Skiapode / Sciapode
The term Skiapode (also spelled Sciapode, Skiapod or Sciapod) derives from the Greek compound skia-podes (σκιάποδες), literally meaning "shadow-foot". Throughout history Skiapodes have appeared and again disappeared in numerous cultures and folklore traditions. They are commonly described or depicted as figures with a single obnoxious large foot, who are in the habit, as Pliny the Elder remarks, "of lying on their backs, during the time of extreme heat, and who protect themselves from the sun by the shade of their feet". 
Over the last century, much attention has been given to the topic within psychoanalysis and cognitive sciences. The philosopher and cognitive scientist Daniel Dennett for example has argued that Skiapodes must be the subject of a dreamlike 'failed myth'.  In his acclaimed lecture Dangerous Memesopen_in_new, Dennett refers to Skiapodes in relation to the Cartesian theater , and points out that "most Skiapodes hold their leg as a strange uncanny object, a thing that seems not entirely part of their body and therefore their mind."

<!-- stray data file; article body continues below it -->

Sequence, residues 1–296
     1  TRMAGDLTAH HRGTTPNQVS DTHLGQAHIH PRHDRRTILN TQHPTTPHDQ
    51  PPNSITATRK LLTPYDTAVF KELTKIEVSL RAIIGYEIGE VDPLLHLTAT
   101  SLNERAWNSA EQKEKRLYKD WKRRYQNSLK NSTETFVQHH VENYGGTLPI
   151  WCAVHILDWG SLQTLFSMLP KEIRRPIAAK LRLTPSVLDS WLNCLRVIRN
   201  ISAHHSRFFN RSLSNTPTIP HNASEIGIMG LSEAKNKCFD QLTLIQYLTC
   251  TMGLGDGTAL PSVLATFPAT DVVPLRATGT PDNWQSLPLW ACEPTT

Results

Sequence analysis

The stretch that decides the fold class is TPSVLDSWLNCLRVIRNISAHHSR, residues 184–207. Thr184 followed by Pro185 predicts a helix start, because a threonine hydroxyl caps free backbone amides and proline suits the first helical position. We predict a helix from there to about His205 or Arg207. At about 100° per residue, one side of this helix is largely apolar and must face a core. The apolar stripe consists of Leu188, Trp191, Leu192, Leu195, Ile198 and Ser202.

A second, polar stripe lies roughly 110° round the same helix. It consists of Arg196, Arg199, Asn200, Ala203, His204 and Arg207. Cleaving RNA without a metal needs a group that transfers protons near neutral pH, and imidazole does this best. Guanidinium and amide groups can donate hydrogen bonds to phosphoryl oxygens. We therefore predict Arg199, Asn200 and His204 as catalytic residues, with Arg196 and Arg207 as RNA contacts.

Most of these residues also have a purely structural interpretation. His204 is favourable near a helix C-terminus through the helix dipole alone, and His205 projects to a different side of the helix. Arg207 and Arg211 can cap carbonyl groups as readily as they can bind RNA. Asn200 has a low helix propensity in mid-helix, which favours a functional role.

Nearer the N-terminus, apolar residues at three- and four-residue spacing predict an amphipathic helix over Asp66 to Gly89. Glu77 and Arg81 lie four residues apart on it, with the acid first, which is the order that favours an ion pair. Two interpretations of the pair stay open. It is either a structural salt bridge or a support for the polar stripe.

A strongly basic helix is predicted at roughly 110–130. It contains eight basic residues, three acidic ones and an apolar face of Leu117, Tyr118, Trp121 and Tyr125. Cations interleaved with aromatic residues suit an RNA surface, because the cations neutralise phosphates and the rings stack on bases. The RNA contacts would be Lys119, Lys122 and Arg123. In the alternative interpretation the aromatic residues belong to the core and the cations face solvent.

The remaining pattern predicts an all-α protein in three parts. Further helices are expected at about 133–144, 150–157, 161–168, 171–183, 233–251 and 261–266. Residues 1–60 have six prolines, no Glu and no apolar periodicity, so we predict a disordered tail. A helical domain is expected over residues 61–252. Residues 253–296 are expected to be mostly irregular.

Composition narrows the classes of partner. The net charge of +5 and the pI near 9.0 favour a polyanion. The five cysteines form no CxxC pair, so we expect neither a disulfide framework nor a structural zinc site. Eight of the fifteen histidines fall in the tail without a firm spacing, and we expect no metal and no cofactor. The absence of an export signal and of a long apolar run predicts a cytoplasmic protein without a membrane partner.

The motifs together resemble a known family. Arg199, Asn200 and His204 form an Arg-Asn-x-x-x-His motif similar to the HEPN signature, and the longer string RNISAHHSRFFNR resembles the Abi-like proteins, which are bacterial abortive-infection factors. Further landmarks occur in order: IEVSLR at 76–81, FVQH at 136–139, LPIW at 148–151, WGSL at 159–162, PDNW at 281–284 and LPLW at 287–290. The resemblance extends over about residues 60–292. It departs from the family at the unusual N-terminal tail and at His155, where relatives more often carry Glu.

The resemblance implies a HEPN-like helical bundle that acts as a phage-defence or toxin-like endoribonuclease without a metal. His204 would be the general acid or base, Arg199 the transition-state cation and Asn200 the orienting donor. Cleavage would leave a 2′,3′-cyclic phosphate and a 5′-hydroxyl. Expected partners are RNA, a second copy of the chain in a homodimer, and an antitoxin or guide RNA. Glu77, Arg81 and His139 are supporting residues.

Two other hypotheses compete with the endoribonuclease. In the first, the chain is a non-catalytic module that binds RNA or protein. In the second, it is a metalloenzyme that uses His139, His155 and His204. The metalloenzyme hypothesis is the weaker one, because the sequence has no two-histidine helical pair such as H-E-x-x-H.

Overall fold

In one of his published cases, neuroscienist Oliver Sacks recounts the story of a patient who was so convinced one of his legs did no longer belong to him, he asked Sacks, full of disbelief and in panic: "How could this leg that is growing and getting taller by the minute possibly be mine?!"  In her correspondence with Hans Ulrich Obrist, Austrian artist Maria Lassnig (1919-2014) explains how this particular story gave rise to her famous series ‘Körperbewusstsein Bilder'. Her 1998 painting Selbst mit einem Fremdbein shows a Skiapode-like figure who feels totally estranged from her own leg ("von seinem eigenen Bein entfremdet").